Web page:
Firefighters said they were making progress Tuesday against a string of wildfires ravaging the dry Texas grassland, but the good news was tempered by a threat of shifting winds and the distress of evacuees returning to charred homes.
Wind-blown flames have raced across more than 1,000 square miles since Sunday, killed 11 people and forced about 1,900 others to evacuate.
On Tuesday, firefighters were bracing for the possibility of a shift in wind direction and dropping humidity as they worked to strengthen the perimeters around the blazes, said Jan Fulkerson, a spokeswoman for the Texas Forest Service. The wind was near 20 mph mid-morning and there was no rain in sight.
The Department of Public Safety late Monday attributed four new deaths to the fires, bringing the death toll to 11. Nine firefighters have been injured.
“We share in the grief of those who have lost family members and loved ones, and we offer our prayers,” Gov. Rick Perry said. “Throughout this wildfire season, communities in our state have shown strength and resolve that are uniquely Texan.”
Eleven fires burned across an estimated nearly 700,000 acres Monday, a Texas record for a single day and up from 663,000 over the weekend. State fire crews fought more than 160 blazes in one 24-hour period.
The size of the blackened area easily eclipsed the 455,000 acres that burned in December and January, when the governor declared a disaster.
‘I just started crying’
Fire evacuee Jennifer Orand returned Monday to find her mobile home in the Hutchinson County community of Texroy burned to the ground.
“I just started crying,” said Orand, 27, who lives with her husband, Shannon, about 40 miles northeast of Amarillo. “You hear all the time that people think it will never happen to you. I never thought I’d say that myself.”
A series of rural fires stretching through Collinsworth, Wheeler, Carson, Hutchinson, Donley and Gray counties, charred some 652,000 acres by Monday night, and were still burning early Tuesday, the Texas Forest Service reported.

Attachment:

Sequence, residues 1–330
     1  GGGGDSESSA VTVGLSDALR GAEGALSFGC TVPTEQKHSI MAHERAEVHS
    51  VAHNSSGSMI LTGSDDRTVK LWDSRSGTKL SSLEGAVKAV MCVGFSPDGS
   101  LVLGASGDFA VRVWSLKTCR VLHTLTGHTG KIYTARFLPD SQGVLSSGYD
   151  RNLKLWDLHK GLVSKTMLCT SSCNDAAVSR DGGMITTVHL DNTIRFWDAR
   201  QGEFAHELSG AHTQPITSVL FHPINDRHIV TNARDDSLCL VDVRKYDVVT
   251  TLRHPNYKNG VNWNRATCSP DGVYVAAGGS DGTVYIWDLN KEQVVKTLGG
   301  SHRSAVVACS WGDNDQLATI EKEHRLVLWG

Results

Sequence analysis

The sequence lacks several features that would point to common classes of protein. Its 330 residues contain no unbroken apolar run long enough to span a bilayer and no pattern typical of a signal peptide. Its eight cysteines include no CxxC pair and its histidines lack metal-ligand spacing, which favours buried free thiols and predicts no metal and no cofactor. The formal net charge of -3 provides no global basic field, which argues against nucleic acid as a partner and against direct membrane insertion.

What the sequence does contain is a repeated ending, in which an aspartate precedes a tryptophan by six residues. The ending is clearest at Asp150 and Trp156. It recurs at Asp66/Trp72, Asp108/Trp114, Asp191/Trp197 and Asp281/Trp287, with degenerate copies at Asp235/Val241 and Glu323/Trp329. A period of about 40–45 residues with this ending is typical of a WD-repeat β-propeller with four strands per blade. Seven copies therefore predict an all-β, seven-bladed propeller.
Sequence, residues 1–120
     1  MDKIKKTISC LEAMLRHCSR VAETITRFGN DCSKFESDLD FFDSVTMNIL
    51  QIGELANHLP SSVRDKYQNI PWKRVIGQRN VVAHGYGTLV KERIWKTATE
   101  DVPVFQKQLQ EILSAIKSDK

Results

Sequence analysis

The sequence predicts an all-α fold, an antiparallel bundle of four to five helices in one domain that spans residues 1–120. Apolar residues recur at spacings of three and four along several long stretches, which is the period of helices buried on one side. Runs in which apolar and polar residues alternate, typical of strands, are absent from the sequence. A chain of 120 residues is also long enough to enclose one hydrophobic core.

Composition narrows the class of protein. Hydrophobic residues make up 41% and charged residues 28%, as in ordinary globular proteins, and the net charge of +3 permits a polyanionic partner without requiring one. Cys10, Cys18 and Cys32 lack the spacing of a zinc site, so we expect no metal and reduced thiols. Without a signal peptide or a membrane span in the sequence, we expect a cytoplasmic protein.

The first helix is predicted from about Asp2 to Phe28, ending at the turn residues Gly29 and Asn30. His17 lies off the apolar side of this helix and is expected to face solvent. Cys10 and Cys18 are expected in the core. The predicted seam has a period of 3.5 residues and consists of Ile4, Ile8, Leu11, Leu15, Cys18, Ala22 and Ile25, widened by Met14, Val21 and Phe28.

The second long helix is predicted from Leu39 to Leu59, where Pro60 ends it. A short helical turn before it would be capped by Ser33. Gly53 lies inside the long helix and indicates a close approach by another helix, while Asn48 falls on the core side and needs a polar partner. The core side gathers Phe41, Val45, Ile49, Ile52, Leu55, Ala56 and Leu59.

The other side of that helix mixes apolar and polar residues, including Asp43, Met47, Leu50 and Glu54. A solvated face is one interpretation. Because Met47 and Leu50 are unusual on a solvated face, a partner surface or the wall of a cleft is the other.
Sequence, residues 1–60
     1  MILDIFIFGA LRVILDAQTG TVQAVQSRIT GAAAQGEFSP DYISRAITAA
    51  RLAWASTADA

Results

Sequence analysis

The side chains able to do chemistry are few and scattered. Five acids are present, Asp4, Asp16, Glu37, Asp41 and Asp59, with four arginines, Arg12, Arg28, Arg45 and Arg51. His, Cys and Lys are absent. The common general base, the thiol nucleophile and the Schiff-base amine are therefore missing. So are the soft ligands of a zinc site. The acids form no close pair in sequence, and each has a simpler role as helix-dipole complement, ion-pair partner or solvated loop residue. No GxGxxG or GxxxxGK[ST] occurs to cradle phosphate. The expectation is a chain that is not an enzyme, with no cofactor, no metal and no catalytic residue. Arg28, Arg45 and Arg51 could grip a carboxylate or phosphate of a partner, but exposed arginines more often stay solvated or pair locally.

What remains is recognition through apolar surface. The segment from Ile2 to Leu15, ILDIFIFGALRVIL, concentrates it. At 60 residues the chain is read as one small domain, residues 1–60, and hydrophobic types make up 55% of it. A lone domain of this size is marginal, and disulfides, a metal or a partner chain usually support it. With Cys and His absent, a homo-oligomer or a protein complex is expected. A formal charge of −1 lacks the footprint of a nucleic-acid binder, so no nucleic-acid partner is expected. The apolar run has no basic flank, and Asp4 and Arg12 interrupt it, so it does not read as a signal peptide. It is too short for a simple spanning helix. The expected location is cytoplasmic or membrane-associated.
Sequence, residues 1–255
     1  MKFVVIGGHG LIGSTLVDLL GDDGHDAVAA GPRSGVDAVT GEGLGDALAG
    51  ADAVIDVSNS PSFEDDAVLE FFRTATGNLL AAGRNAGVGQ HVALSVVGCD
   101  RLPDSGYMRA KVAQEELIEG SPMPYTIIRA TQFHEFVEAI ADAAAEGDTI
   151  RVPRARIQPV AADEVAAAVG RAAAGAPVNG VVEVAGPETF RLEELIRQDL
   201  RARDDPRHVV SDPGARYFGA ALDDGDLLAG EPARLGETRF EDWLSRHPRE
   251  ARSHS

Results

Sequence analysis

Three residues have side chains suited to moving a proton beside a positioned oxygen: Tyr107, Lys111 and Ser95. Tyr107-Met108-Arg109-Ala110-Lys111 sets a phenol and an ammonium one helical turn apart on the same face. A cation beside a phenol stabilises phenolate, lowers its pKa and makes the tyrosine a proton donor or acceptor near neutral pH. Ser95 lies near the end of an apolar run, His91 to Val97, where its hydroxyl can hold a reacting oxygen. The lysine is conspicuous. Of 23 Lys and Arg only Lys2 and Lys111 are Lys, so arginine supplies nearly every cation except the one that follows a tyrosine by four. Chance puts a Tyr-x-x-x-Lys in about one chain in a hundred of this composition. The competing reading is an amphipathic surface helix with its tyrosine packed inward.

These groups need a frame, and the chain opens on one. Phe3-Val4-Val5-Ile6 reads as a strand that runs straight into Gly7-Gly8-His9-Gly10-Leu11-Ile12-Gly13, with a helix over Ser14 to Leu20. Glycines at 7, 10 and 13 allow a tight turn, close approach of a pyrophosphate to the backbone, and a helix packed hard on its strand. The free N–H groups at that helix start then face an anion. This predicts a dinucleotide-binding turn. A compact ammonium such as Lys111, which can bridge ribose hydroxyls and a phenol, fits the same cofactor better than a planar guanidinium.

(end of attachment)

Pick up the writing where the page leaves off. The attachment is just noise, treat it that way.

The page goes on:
Another wildfire in Childress and Cottle counties reached 45,000 acres, the Texas Forest Service said.
N.M. fire evacuations
In southeastern New Mexico, authorities contained a 92,000-acre fire that had charred tinder-dry brush, burned the McDonald post office and two homes, and forced about 200 people to evacuate. It appeared to have been started by an emergency flare at a natural gas plant, Lovington fire officials said.
Texas Department of Public Safety reported seven firefighters suffered minor injuries fighting the blazes in the Panhandle. One was hospitalized in stable condition Monday night after a wreck in his fire truck. A ranch hand assisting firefighters was hospitalized with second-degree burns.
About 3.5 million acres — 2 percent of Texas land mass — has burned since Dec. 26, said Rachael Novier, a spokeswoman for Perry.
After a deadly Sunday in which four people from Oklahoma died in a crash on a smoke-shrouded highway and three people died in fires near Borger, the Department of Public Safety late Monday attributed four more deaths to the fires.
Trooper Daniel Hawthorne said four bodies found late Monday were discovered near a car in a ravine north of Miami in Roberts County. Authorities were investigating the deaths, but Hawthorne said they appeared to result from a large grass fire in Roberts County.
The rash of fires prompted the evacuation of eight towns: Hoover, Lefors, McLean, Miami, Old Mobeetie, New Mobeetie, Skellytown and Wheeler.